In this article, originally published in 2 parts on Metropolis Magazine as "Building a University: How 5 California Schools Approach Campus Design" (Part 1 & Part 2), Sherin Wing investigates how different Californian universities utilize the design of their campus to express and enable their differing missions.
A school is more than just the sum of its intellectual records. Its legacy is very much tied to a physical place: its campus. More than a mascot or a symbol, the design of a campus and the buildings that form it greatly contribute to a university's lasting identity.
The key, then, is how a school’s material identity advances its intellectual mission. For example, academic buildings often physically symbolize the type of scholarly exploration and research that takes place therein. Administrative centers, on the other hand, anchor the more idealistic work taking place in the lecture and science wings. At the same time, individual buildings can function collectively as didactic forums for the public, demonstrating such principles as energy and water-use efficiencies. Lastly, the circulation between the buildings themselves is important. Open green space, for instance, can accommodate crowds, lectures, and even protests, providing a counterpoint to the more stately, processional routes that crisscross a campus.
Clearly these are different, and at times conflicting, agendas. How are they ranked and pursued by individual universities? Five campus architects at different California universities reveal how similar factors work in concert to produce very different visions and results. For some the initial plan of a school continues to wield influence over future developments, while in other cases a commitment to architectural movements and types gives rise to an eclectic, flexible approach to campus design.
Find out how these 5 California Universities approach their architecture after the break
In considering how initial buildings shape a school’s subsequent development, a key issue is ensuring that they advance an overall vision of what the school represents. At UCLA, the original inspiration for the univeristy grounds informed later campus projects and additions. In doing so, the unity of the campus plan was maintained, while the school's history, through its architectural fabric, was preserved. Jeffrey Averill, AIA, and Campus Architect, explains the planning strategy: “The original campus developed as part of a Beaux-Arts axial master plan that drew upon the Italian Lombardy-Romanesque for inspiration and reference rather than the models of Collegiate Gothic from Oxford and Cambridge. With the landscape and sunlight of Southern California, these northern Italian buildings seemed more appropriate.”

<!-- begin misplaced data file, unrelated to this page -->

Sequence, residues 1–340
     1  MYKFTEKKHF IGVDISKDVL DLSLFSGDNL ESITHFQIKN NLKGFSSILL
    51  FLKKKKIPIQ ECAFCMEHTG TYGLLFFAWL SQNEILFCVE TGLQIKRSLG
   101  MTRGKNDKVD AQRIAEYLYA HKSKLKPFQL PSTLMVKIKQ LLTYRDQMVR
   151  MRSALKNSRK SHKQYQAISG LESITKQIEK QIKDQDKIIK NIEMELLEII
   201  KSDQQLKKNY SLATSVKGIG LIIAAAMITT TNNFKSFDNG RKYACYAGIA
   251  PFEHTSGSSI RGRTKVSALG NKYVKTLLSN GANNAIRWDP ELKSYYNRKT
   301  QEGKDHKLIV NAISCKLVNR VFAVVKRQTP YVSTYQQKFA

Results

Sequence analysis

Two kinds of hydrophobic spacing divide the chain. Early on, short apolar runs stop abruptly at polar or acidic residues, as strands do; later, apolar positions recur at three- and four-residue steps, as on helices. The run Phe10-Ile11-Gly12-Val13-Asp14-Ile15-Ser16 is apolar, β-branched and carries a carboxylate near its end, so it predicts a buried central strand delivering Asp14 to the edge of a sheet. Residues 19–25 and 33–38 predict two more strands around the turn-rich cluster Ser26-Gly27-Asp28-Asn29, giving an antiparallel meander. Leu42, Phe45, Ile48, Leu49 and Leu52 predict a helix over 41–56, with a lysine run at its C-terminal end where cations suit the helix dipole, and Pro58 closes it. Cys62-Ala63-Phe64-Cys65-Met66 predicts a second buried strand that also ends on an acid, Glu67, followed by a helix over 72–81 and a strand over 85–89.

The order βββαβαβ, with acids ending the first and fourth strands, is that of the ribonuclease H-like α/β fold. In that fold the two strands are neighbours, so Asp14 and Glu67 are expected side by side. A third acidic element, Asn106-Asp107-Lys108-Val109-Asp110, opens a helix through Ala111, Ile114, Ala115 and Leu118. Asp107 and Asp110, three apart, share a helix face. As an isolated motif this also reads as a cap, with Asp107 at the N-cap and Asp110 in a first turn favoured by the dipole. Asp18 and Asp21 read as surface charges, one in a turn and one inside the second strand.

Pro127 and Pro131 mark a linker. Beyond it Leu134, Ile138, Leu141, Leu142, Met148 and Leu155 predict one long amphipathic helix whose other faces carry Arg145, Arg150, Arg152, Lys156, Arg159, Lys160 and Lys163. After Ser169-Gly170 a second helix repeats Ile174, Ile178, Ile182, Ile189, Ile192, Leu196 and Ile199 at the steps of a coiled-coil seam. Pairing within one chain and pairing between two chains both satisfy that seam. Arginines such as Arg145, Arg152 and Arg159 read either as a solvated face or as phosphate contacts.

Yet later projects have expanded beyond the original vision, reflecting changing aesthetics: “During the post-war expansion phase though the Romanesque style was abandoned for the most part in favor of modern architecture, the Regents insisted that the new buildings still utilize a warm, red brick on the exteriors of most of the buildings. More recent buildings that may vary from this treatment of brick still use brick to continue those connections and root the buildings to the UCLA context.” What’s more, current development demonstrates how intellectual and environmental goals exert their influence: “An accelerated push to build substantially more on campus housing has provided economical choices for students, resulted in stronger academic performance and significantly reduced environmental impacts and commuter vehicle trips.” These are coupled with the construction of new science buildings that will function as showcases for “California native and adapted plant types,” as well as opening up opportunities for green roofing and other sustainable strategies.
UC San Diego